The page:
What Exactly Should You Be Learning About Your Market (And What Everyone Is Lying About Market Research)

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The hardest part of creating this episode has been finding the right title. And you’ll soon see what I mean.

In the previous episode I introduced you to the framework for a marketing plan. Today, I want to help you rapidly understand your market.

But first, I want to play this short clip so we set the stage.

That’s Steve Jobs, and yes, I’m a big fan. But that’s not why I played this snippet. It’s a video from the Apple’s Worldwide Developers Conference in 1997, just after his return at the company.

And I want to highlight the fact that he never used the phrase “market research” and used “customer experience” instead. And that’s a great place to start our episode.

If you have taken the marketing plan quiz on our website, you see that the first key element in the framework for a marketing plan is the Market.

But businesses don’t run because of markets.

They run because of customers. Or clients. It’s customers that decide, and pay money for what we have to offer. So every time you want to create a product, you start with the customer or client.

But how can you learn about your customers’ needs? Here’s what everyone talks about: Do Market Research. Understand the demographics of your market. Find out who your ideal customer avatar is. ICA is the hold word...

And they give you tools to research your market–Customer journey maps, Customer persona, research techniques, on and on.

And it’s perfectly fine to go that route. In fact, even if you went that route, it’s perhaps a great idea to start with this episode. What you’ll learn here is something that’s:

  • More specific
  • Saves you a lot of time
  • One that will help you validate your product before building one
  • An approach that will hopefully take you a step closer to business and help you presell your products
  • And finally, perhaps the most important benefit, is that you’ll not just learn about your customers and their experience, but also understand why exactly do these customers will back-off from buying your product.

If you are a solopreneur, creator, or even a small business, you want to listen to this episode closely, and maybe re-listen many more times.

As usual, you will find a guide for this episode in the show notes that you can download. So let’s begin with this seven-step process to learn about your market, customers, and clients.

Step 1: Define the Problem

And we begin by defining the problem.

This is by far the most important aspect of understanding your market. If you can’t define what the problem is, it’s impossible to do anything. So that’s what we will do first. Define the problem.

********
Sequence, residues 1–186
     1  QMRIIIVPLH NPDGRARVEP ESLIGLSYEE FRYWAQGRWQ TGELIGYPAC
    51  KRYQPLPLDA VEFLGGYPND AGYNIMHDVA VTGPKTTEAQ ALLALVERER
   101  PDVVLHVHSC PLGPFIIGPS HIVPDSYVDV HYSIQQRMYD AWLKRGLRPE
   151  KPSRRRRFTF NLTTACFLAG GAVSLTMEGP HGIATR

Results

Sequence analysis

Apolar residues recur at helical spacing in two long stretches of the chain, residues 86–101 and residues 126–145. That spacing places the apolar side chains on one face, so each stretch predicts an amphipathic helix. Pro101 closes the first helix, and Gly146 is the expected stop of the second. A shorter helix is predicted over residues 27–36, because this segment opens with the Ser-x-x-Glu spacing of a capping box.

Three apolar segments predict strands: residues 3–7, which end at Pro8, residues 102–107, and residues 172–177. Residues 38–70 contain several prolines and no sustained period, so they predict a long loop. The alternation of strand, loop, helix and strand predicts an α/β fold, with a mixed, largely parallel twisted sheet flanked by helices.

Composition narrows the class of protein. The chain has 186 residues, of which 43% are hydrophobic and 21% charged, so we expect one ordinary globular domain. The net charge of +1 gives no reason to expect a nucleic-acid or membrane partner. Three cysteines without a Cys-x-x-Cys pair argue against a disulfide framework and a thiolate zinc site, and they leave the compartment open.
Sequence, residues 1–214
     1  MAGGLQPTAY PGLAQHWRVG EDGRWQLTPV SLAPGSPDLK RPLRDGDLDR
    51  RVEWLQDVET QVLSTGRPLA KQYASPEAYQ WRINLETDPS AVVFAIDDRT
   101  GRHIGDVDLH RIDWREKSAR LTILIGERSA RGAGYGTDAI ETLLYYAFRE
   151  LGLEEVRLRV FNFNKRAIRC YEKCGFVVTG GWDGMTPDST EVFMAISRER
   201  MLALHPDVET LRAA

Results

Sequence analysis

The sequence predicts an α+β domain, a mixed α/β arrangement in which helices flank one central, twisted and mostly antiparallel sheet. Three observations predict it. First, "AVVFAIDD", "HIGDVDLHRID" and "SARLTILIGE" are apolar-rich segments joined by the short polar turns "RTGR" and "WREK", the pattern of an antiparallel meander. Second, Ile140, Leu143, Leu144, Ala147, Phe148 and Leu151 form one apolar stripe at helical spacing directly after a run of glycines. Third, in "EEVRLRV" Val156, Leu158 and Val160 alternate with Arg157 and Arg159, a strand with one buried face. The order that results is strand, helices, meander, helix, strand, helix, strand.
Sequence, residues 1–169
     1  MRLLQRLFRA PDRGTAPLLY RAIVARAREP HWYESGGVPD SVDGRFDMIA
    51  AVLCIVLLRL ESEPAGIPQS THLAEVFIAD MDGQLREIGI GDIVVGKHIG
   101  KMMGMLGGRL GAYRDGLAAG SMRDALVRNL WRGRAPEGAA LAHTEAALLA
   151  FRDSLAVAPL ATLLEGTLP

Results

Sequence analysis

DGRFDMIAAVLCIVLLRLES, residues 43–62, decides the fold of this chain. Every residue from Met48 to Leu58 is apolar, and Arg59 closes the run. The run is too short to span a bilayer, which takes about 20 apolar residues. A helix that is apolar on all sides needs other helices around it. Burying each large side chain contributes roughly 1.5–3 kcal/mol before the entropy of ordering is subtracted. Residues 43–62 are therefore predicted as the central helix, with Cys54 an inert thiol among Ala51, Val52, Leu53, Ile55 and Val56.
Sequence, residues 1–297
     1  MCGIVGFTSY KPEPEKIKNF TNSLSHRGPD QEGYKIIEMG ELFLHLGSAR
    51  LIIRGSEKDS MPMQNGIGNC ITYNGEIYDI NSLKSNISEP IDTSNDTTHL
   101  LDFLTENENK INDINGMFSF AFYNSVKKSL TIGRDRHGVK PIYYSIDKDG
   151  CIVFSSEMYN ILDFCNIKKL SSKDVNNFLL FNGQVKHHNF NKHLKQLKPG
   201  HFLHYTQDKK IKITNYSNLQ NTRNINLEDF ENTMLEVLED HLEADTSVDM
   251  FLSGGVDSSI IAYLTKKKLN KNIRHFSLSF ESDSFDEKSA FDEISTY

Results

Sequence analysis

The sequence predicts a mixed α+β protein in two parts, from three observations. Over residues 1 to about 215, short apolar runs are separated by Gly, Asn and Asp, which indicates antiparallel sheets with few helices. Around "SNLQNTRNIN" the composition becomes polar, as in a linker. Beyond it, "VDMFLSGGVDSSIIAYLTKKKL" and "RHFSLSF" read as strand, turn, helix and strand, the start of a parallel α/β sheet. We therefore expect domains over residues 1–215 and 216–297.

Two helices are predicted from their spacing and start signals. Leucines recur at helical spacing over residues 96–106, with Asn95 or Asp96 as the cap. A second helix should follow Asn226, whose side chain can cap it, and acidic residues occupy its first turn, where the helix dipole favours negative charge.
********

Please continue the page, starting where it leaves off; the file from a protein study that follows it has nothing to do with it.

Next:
The simplest way of doing this is by asking a very simple question.

What is the exact problem your customers or clients dealing with that’s relevant to your business?

Let’s say you are in the cooking business. You teach mothers of tweenage kids how to cook healthy food.

A specific problem they face could be “kids are always hungry and you spend too much time in the kitchen making healthy snacks.”

If you are a lawyer helping freelancers, the specific problem your clients might have could be “clients never stop coming back with requests for change, and you spend a lot more time than what you charge.”

It’s important to define the problem in the context of your business. If you don’t have a business, define it in the context of your skills or in a topic you understand or have experience with.

So that’s the first step. It’s to clearly define that problem in one sentence. And once you have defined the problem, let’s move on to step two.

Step 2: Document Habits, Behaviors, Routines

Fifteen years ago, I was a lot into long distance running and in one training run, I injured my knee. And a knee pain is not something you can ignore. It pained when I walked, when I drove around in my car, and of course when I ran too.

The problem had gone so far that I couldn’t stop thinking of it even when I was not doing any of this and just sitting. And this new habit of lesser movement had it’s on effects on my body.

I started putting on weight. And since I was working a rather sedentary job with my laptop, I developed this habit of frequent movement when at work. I started to walk to drink a cup of water. But soon that changed to coffee. I had more than 6-7 cups of coffee or tea. This is the Indian version with milk and sugar.

You know how that went. I developed many new habits like that. I got a lot irritable too. Partly driven by the fact that I had the pain. But you know how that goes.

And I’m saying this because as someone that wants to understand the market, you need to understand these habits and behaviors in your customers too.

So that’s the second step. It’s about documenting the habits, behaviors, and routines your customers have got into because of the problem.

Busy Working Mothers...

Let’s take the busy working mother as an example.

Because they are spending too much time in the kitchen baking or cooking snacks, they are tired throughout the day during meetings. Perhaps they are now going to the gym twice a week instead of five times.

And sometimes your customers or clients don’t realize this until you ask them. Because they have gotten used to it. It’s become a new routine.

Have you ever seen people getting into elevators all of a sudden pull out their smartphone and randomly pretend to lookup something? That’s a habit.

And that completes step two.

Step one was to understand the problem. And step two was to document your customers’ or clients’ habits, behaviors, and routines that they got into because of the problem.

Step 3: What Are They Missing?

Let’ move on to step three.

One of the things I did when I had my knee injury was to go to the doctor. Or, should I say doctors. And every time a doctor checked my knee, they would send me for a few weeks of physiotherapy. I spent quite some time with physiotherapists.

But nothing happened. And then one day, someone recommended this doctor to me. He was practicing in a different city. I had to travel over 300km to visit his clinic. But after all that ordeal when I landed at his clinic, I felt so comfortable. He was unlike any other doctor I had been to.

And the first question he asked me is this: What is this pain stopping you from doing?

He understood I was a runner. But he wanted to know when that pain would start to show up. Was it stopping me from getting out of bed, or was it stopping me from running even a short distance, or did it show up when I ran a longer distance like 5 or 10 kilometers.

The very instance he asked me this question, I knew he will fix my problem too. And that’s what I want you to do in step three.

Document what the specific problem is stopping them from doing.

What is the problem of “spending more time in the kitchen cooking for the kids” stopping the working mother from doing? Spending time with family on the dinner table? Spending quality time with their spouse? Taking on more responsibilities at work or getting promoted?